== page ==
The last one, #6 knowledge deficit, caught me off guard during the presentation. But once I learned more, I realized not knowing how to minimize my chances of developing lymphedema was critically important as of this writing I’m in statistically the height of incidence.


So what does this really mean? It is all about self education and self management and learning how maintain a balanced lifestyle. Your days of helping move the piano are over.  A good excuse if you ask me.  Starting new heavy exercise that involves your affected area is also not a good idea.  You should check with your medical care provider to assess your new limitations and make prudent daily decisions.

Do you travel often?  Can you take pack two twenty pound bags instead of one forty pound bag?  Can you check the heavy luggage and only carry on a small bag to avoid excessive lugging through the airport?  Can you tip a porter or use a luggage cart instead of trying to carry everything yourself?  It is these types of personal decisions, along with the degree of ‘trauma’  that determine your risk of developing lymphedema in your lifetime. More information on reducing your risk while traveling may be found at


The following six areas are highlighted in a position statement of the National Lymphedema Network:

1) Skin care – avoid trauma/injury to reduce infection risk: keep extremity clean and dry, apply moisturizer daily to avoid chapping/chafing of skin; attend to nail care and DO NOT cut cuticles; protect exposed skin with sunscreen and bug repellent; use care with razors to avoid nicks and cuts; wear gloves, especially while performing activities like gardening or using tools or chemicals; if scratches or punctures occur, wash with soap and water, apply antibiotics and watch for infection (redness); if a rash, itching, redness, pain, increased skin temperature, fever or flu-like symptoms occur, contact your physician immediately for early treatment of possible infection.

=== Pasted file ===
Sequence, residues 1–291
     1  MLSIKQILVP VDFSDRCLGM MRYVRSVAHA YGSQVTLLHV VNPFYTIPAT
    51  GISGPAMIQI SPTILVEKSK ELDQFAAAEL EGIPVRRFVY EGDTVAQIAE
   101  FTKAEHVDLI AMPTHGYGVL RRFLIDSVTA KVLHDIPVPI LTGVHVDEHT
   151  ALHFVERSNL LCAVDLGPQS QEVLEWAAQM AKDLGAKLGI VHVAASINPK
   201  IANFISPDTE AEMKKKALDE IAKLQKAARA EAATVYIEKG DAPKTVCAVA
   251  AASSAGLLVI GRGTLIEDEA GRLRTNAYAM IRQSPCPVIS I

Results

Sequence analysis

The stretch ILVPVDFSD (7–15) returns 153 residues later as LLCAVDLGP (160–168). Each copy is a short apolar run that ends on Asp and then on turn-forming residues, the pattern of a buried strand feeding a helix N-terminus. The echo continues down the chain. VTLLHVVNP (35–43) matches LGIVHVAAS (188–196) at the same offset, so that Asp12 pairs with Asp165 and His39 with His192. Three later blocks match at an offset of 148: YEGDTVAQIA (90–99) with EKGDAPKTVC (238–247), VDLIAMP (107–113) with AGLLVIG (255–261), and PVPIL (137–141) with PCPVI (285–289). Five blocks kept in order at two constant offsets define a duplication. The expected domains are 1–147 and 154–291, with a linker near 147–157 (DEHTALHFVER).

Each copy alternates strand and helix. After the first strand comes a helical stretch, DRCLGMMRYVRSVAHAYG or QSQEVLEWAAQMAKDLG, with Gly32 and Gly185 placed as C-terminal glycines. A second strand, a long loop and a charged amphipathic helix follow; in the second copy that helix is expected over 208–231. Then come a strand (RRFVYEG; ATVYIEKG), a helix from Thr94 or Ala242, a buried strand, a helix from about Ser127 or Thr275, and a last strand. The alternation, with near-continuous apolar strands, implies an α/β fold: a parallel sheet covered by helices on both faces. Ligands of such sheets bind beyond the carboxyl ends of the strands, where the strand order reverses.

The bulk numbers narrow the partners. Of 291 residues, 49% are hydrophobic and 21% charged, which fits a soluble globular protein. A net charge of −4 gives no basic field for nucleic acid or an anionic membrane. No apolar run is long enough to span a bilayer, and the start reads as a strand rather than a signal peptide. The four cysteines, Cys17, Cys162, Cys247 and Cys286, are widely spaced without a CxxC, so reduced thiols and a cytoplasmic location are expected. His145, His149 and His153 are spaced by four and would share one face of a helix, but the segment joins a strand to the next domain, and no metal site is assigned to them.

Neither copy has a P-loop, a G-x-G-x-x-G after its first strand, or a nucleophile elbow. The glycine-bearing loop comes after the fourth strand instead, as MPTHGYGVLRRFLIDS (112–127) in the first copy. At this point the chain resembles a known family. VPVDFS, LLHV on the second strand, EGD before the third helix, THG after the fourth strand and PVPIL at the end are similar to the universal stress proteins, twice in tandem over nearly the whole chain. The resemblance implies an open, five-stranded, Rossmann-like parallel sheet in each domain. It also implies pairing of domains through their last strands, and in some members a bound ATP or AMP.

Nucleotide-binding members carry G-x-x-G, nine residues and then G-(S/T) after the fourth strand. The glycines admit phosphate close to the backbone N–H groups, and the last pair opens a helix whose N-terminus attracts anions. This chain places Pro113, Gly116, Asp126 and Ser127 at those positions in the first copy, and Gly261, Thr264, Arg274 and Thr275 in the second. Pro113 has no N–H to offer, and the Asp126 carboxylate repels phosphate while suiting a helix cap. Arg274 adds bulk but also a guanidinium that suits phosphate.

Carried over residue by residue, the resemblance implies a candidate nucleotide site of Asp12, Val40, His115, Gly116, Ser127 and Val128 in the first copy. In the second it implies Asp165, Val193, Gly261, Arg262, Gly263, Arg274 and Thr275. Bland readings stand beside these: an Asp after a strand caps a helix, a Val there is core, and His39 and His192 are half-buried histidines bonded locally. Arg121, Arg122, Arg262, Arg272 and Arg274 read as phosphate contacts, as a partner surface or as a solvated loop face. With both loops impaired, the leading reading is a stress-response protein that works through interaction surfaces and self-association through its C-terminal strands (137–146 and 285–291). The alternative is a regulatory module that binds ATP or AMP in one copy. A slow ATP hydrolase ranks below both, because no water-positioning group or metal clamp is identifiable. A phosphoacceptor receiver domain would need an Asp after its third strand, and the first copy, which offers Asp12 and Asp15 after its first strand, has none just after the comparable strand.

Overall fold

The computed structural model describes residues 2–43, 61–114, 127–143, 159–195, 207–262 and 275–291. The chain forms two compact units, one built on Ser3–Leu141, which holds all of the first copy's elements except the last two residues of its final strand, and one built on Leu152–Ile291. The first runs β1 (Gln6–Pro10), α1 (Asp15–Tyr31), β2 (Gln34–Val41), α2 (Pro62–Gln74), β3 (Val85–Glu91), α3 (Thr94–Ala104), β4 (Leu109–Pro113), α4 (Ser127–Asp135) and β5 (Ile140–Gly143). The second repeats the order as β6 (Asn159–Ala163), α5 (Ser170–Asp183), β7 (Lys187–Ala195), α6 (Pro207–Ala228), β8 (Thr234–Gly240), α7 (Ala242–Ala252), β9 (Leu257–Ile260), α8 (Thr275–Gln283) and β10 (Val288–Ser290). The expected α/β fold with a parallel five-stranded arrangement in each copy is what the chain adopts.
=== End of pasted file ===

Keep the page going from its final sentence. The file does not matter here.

2) Activity/lifestyle – gradually build up intensity and duration of an activity; take frequent rests to allow for limb recovery; monitor the extremity during and after activity for any changes in size, shape, heaviness etc.; maintain your optimal weight.

3) Avoid limb constriction – wear  loose fitting jewelry and clothing; avoid having blood pressure or any punctures (shots included) on the at-risk extremity.

4) Compression garments – if your medical professional has recommended you wear compression garments, they should be well-fitting, should support the at-risk limb during strenuous activity and worn during air travel.

5) Extremes of temperature – avoid exposure to extreme cold, which an be associated with rebound swelling or chapping of skin; avoid prolonged exposure (15 or more minutes) exposure to heat, particularly hot tubs and saunas; avoid placing limb in water temperature above 102 degrees Fahrenheit (38.9 degrees Celsius).

6) Additional practices specific to lower extremity lymphedema – avoid prolonged standing, sitting or crossing legs; wear proper, well-fitting footwear and hosiery; support the at-risk limb with a compression garnet for strenuous activity, except in patients with open wounds or with poor circulation in the at-risk limb.

NOTE:  The majority of these recommendations are based on the knowledge of pathophysiology and decades of clinical experience by experts in the field, but there is little evidence-based literature regarding many of these practices to support them.


The following sites provide additional information: